Slow Roasted Tomatoes with Olive Oil and Thyme

Maybe, like me, you’ve seen something like this at your farmer’s market lately: crates of plump and glistening red, perfectly ripe, tomatoes. And let’s say that, like me, you don’t want to take the time to can them. But to turn and walk away? Just leave them there? It’s out of the question. Because soon, the farmer’s market will close for the season and tomatoes will be of the too firm, phony red, flavorless, grocery store variety.

plum tomatoes

If this resonates with you, then I have very good news. 

You can slow roast pounds of these beauties – at least 10 pounds at once – pack them in jars, stack them in the freezer, and resurrect the flavor of summer whenever you like, all winter long.

I can’t take credit for this idea – I read about it here and here. And it was David Lebovitz’ recipe note that saved me from a day of canning:

The tomatoes will keep for about five days in the refrigerator. They can also be frozen for up to six months.

Great idea!

Slow Roasted Tomatoes in Jars

And there’s more. When you slow roast tomatoes, their flavor deepens and intensifies. Imagine the flavor of an oil packed, sun-dried tomato in the form of a tender, cooked tomato.

The process couldn’t be simpler:

You’ll cut the tomatoes in half and arrange on baking sheets. Drizzle with oil, season, and then pop them in the oven.

TomatoesReadytoRoastTomatoes In The Oven

In three hours, you’ll have this:

Slow Roasted Tomatoes with Thyme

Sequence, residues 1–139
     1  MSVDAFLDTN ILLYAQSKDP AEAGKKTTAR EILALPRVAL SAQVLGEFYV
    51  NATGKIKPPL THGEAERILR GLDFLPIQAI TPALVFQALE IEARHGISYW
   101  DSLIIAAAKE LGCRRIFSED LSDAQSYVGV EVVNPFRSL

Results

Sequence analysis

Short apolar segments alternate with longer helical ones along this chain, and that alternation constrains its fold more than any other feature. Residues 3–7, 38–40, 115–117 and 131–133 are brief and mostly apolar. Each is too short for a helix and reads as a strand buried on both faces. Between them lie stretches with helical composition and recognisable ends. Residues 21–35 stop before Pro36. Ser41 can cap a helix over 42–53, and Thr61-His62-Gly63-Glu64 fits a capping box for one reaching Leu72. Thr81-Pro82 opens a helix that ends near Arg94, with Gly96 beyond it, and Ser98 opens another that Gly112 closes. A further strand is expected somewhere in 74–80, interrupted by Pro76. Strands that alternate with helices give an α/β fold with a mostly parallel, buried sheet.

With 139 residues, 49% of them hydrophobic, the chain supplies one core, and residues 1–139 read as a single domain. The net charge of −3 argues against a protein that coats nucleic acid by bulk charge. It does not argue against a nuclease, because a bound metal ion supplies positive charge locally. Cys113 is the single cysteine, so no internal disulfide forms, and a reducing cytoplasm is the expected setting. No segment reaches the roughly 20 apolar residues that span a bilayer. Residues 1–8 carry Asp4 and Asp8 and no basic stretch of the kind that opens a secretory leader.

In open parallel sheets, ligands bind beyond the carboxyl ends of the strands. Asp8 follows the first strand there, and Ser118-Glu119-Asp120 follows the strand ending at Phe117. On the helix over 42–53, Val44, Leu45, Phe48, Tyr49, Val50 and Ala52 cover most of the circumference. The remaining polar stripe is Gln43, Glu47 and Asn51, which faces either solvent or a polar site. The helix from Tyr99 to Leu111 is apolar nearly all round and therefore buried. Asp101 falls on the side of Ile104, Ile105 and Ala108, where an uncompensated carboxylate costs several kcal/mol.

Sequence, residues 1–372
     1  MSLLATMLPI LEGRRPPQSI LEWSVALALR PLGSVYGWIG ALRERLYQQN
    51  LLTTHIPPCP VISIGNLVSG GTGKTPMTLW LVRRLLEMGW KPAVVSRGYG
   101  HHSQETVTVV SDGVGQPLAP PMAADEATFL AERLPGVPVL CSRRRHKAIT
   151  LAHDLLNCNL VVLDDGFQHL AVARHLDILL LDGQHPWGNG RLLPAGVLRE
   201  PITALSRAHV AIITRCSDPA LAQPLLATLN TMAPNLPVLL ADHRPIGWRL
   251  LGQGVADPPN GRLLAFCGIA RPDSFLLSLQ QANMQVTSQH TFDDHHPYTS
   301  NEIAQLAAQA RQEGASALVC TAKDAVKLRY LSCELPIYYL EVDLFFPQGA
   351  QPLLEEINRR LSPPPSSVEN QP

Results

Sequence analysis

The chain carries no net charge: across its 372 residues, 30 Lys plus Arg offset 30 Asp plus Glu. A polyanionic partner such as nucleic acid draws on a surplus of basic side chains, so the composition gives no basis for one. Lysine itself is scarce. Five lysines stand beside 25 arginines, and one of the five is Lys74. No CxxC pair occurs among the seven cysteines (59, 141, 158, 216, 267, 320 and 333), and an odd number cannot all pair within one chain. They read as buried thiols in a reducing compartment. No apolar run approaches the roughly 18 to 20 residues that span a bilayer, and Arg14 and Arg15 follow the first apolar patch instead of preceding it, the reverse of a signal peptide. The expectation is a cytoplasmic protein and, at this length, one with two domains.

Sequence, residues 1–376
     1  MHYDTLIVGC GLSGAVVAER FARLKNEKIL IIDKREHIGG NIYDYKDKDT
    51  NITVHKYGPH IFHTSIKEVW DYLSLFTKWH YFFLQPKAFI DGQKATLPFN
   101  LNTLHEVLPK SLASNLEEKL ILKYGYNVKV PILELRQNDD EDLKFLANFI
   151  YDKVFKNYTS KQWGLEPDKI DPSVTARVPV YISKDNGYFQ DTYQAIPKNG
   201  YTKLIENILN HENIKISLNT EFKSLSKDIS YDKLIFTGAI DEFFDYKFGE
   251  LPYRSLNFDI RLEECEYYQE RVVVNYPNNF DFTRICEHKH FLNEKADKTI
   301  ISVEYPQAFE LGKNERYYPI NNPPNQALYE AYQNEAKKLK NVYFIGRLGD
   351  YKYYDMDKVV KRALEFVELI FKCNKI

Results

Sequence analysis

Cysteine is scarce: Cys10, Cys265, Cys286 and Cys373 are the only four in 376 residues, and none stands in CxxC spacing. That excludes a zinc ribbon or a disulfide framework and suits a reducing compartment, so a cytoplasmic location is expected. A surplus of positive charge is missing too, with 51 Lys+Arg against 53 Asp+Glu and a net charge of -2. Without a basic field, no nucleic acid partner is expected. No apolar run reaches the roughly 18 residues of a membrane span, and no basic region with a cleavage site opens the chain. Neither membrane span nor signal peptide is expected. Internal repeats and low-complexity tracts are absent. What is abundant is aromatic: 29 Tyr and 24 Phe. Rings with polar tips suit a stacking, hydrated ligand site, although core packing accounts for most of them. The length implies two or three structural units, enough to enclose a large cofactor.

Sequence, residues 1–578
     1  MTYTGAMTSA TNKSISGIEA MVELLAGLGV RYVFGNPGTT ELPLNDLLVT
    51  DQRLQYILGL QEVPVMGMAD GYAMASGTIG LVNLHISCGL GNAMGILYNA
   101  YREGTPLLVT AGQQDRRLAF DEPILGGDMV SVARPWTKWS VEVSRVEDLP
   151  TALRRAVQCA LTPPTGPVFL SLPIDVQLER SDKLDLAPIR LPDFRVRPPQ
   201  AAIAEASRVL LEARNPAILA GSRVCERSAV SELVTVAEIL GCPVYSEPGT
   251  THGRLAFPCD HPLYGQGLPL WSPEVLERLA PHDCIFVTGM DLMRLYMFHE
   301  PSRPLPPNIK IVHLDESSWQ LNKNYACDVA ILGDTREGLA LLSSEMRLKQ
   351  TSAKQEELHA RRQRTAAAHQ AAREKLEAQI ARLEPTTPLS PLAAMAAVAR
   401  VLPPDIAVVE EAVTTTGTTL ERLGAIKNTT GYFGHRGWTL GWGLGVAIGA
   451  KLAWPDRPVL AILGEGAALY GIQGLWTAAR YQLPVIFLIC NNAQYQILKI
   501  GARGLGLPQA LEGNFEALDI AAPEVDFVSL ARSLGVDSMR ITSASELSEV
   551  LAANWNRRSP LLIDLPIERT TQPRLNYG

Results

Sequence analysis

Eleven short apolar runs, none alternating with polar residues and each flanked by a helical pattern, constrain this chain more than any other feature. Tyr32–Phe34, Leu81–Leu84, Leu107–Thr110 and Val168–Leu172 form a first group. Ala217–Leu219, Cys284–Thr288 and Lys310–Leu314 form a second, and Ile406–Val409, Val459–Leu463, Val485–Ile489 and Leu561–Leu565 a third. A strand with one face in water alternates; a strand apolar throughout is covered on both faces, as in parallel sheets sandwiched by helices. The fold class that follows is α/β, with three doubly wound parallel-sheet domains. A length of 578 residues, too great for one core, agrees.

Then you’ll fill up your jars and freeze them. Maybe you’ll even share. And this winter your soups, stews, pastas, toasts, and risottos will whisper of summer.

Tip: Save out 2 cups and make this!

Slow Roasted Tomatoes with Olive Oil and Thyme
We had a bumper crop of thyme in our herb garden this year, so I chose to use it. Rosemary would also be great, or just leave them plain.
  • 10 pounds small plum tomatoes, stems removed
  • olive oil for drizzling, about 1 cup
  • fresh thyme leaves or minced rosemary, ½ cup or more (optional)
  • fine sea salt, to taste
  1. Preheat oven to 225°F
  2. Arrange 3 oven racks to the top, middle and bottom positions of your oven.
  3. Line 3 rimmed baking sheets with parchment paper.
  4. Rinse tomatoes and cut them in half crosswise (equator, instead of top to bottom) and arrange, cut side up, on prepared baking sheets.
  5. Drizzle tomatoes with olive oil and sprinkle with fresh herbs. Sprinkle with salt to taste (I recommend a light sprinkle as the flavor will intensify).
  6. Roast for 3 hours, until tomatoes are soft and shriveled. Rotate the sheets among the racks every 45 minutes or so, to cook the tomatoes evenly.
  7. Cool tomatoes until they're comfortable to handle. Then fill your clean, lidded jars almost to the top and freeze.
10 pounds of tomatoes will yield about 10 cups. I filled 12 4-ounce jars and 2 one-pint jars.



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  1. says

    This is such a great idea! I wish I’d thought of it before I just chopped all my tomatoes and hurriedly shoved them into the freezer last week. But maybe another batch will ripen before the plants die…

  2. says

    Thanks, I roast my end of year tomatoes with olive oil, garlic and rosemary slowly at 275 degrees for 2-3 hours, turning once. One question: if I freeze the jars, I have no problem with tomato spoilage or concerns like when canning tomatoes, right?


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